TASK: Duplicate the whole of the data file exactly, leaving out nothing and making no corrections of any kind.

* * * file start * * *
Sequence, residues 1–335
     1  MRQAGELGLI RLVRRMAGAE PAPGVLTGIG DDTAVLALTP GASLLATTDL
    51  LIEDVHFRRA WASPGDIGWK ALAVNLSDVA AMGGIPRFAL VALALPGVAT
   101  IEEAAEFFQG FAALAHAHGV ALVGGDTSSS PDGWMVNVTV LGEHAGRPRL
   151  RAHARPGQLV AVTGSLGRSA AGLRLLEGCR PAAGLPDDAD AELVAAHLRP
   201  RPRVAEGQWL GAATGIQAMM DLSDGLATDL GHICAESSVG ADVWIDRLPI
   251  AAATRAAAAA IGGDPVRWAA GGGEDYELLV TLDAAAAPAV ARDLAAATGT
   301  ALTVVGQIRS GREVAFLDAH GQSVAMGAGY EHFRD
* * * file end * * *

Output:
Sequence, residues 1–335
     1  MRQAGELGLI RLVRRMAGAE PAPGVLTGIG DDTAVLALTP GASLLATTDL
    51  LIEDVHFRRA WASPGDIGWK ALAVNLSDVA AMGGIPRFAL VALALPGVAT
   101  IEEAAEFFQG FAALAHAHGV ALVGGDTSSS PDGWMVNVTV LGEHAGRPRL
   151  RAHARPGQLV AVTGSLGRSA AGLRLLEGCR PAAGLPDDAD AELVAAHLRP
   201  RPRVAEGQWL GAATGIQAMM DLSDGLATDL GHICAESSVG ADVWIDRLPI
   251  AAATRAAAAA IGGDPVRWAA GGGEDYELLV TLDAAAAPAV ARDLAAATGT
   301  ALTVVGQIRS GREVAFLDAH GQSVAMGAGY EHFRD